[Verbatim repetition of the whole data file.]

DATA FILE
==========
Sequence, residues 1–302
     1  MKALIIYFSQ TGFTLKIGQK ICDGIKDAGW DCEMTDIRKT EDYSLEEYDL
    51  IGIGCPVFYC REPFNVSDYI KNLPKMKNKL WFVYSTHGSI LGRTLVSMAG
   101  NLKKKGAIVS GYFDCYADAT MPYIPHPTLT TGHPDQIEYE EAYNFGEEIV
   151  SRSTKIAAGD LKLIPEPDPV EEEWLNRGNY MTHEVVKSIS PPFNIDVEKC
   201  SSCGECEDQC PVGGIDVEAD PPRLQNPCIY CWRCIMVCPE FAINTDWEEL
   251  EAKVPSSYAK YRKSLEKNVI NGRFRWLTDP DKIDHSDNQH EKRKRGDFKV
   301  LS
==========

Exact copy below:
Sequence, residues 1–302
     1  MKALIIYFSQ TGFTLKIGQK ICDGIKDAGW DCEMTDIRKT EDYSLEEYDL
    51  IGIGCPVFYC REPFNVSDYI KNLPKMKNKL WFVYSTHGSI LGRTLVSMAG
   101  NLKKKGAIVS GYFDCYADAT MPYIPHPTLT TGHPDQIEYE EAYNFGEEIV
   151  SRSTKIAAGD LKLIPEPDPV EEEWLNRGNY MTHEVVKSIS PPFNIDVEKC
   201  SSCGECEDQC PVGGIDVEAD PPRLQNPCIY CWRCIMVCPE FAINTDWEEL
   251  EAKVPSSYAK YRKSLEKNVI NGRFRWLTDP DKIDHSDNQH EKRKRGDFKV
   301  LS